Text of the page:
This was my first foray into the highly dubious world of Italian soups but I have to say, after the fact, it was simply the best recipe I've done thus far. Living on the coast of the Pacific Northwest allows one to enjoy the bounty by which they are surrounded by. By this I mean shellfish. Clams, mussels, oysters, crab. Its all here for the taking. And for Cioppino, its for lack of a better word, perfect.
To Save a lot of time and typing I'm going to simply copy and paste the recipe from which I derived my version, take note that I did not have all the exact ingredients but I think thats okay when dealing with something like this.
- 3 pounds halibut, sea bass, or other firm white fish, cut into inch-long cubes
- 1 large (2 lb or more) cooked Dungeness crab (hard shell) or a cooked lobster
- 1 pound (or more) of large shrimp
- 2 pounds little neck clams, mussels, or oysters or all three
- 1/2 cup olive oil
- 1 1/2 cups chopped onion (1 large onion)
- 1 cup chopped green bell pepper (1 large green bell pepper)
- 3 coves garlic, minced
- 1 teaspoon salt
- 1 28 ounce can tomatoes
- Broth from the mollusks
- 2 cups red wine
- 2 cups tomato juice
- 2 cups fish or shellfish stock
- An herb bouquet of bay leaf, parsley, and basil wrapped in a layer of cheesecloth and secured with kitchen string
- Salt and pepper to taste
- 1/2 cup minced parsley for garnish
Optional seasonings: a dash of Tabasco sauce and or Worcestershire sauce
1 Steam mollusks (clams, mussels, oysters) in a small amount of water (about a cup) until they just open. Set aside. Strain and reserve the cooking broth.
2 If using crab, removed the crab legs from the body and use a nut cracker to crack the shells so that the meat can be easily removed once it is served (leave the meat in the shell). Break the body in half, and then cut each half again into either halves or thirds. Keep the top shell of the crab for making stock.
If you are using lobster, cut the tail in pieces and reserve the body and legs for making stock.
Note you can use prepared fish or shellfish stock, or you can make your own. If you are not making your own stock, you can discard the crab top shell or lobster body. If prepared shellfish stock is not available, I would combine some prepared fish stock (available at many markets, including Trader Joe's) with clam juice.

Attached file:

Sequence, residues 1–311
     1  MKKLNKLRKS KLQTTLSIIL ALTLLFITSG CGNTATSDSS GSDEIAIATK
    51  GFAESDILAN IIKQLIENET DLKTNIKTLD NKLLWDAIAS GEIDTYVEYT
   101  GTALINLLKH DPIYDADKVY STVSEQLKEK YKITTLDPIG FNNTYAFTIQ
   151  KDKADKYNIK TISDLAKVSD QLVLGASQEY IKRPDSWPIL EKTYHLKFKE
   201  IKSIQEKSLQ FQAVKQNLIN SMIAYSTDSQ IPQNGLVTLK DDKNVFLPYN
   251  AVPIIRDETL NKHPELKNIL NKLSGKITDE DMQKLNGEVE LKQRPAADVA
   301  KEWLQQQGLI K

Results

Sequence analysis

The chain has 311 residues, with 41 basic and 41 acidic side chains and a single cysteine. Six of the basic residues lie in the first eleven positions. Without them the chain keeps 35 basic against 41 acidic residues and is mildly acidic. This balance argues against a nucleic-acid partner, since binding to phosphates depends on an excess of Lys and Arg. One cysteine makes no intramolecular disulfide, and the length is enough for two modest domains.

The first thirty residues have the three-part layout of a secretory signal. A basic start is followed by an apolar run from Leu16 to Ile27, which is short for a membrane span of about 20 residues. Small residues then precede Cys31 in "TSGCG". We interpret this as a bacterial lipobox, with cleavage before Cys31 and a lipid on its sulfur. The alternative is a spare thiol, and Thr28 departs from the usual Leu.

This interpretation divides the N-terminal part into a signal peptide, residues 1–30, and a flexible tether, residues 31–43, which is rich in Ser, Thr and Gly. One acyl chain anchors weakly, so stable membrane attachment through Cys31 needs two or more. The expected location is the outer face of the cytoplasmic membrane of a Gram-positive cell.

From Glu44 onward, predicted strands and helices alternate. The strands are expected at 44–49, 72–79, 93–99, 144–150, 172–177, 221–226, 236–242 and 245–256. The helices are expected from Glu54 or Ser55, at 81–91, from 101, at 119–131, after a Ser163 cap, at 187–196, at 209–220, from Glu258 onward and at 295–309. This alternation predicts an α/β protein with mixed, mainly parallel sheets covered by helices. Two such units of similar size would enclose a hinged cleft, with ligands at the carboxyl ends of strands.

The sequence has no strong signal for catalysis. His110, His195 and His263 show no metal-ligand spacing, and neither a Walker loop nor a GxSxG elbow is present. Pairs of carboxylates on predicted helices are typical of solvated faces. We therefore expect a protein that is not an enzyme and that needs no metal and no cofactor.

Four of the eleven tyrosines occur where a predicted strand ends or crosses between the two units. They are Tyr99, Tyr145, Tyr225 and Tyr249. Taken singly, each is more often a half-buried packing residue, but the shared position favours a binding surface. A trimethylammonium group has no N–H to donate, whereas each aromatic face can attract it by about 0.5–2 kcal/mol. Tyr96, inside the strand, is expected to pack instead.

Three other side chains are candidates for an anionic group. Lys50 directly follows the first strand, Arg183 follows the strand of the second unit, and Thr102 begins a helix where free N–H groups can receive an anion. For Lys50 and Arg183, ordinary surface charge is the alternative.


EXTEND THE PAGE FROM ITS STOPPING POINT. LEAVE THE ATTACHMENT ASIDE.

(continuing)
3 Split the shrimp shells down the back and remove the black vein. (See how to peel and devein shrimp.) I found the easiest way to do this, without removing the shell, is to lay the shrimp on its side and insert a small knife into the large end of the shrimp, with the blade pointing outward from the back (away from the shrimp and your hands). Once you have split the shrimp shells, you can turn the knife toward the shrimp, and cut in a little to find the black vein. Pull out the vein as much as you can. You can probably also use a pair of kitchen scissors to cut the backs of the shrimp.
Alternatively, you can shell the shrimps and devein them. Shell-on imparts more flavor; shell-off is easier to eat.
4 In a deep 8-quart covered pot, sauté onions and green pepper on medium heat in olive oil until soft. Add the garlic, sauté 1 minute more. Add tomatoes, broth from the mollusks, red wine, tomato juice, fish or shellfish stock, the herb bouquet, and salt and pepper to taste. Bring to a simmer and cook, uncovered, for 20 minutes. Remove herb bouquet. Taste and correct seasoning.
5 Add the fish and cook, covered, until the fish is just cooked through, about 3 to 5 minutes. Add the steamed mollusks, crabmeat, and shrimp. Heat just until shrimp are cooked (just 2-3 minutes, until they are bright pink). Do not overcook.
6 Serve in large bowls, shells included. Sprinkle with minced parsley. Serve with crusty French or Italian bread and a robust red wine. Have plenty of napkins available, a few extra bowls for the shells, and nut crackers and tiny forks for the crab.
All in all this recipe was just awesome and got a great reaction from all my friends who took part in the eating process. I warn those who follow this recipe that it tends to be a bit bland, I suggest adding some Cayenne peppers or Habañaro to spice things up.
Hope you all enjoyed this installment of the B•Log!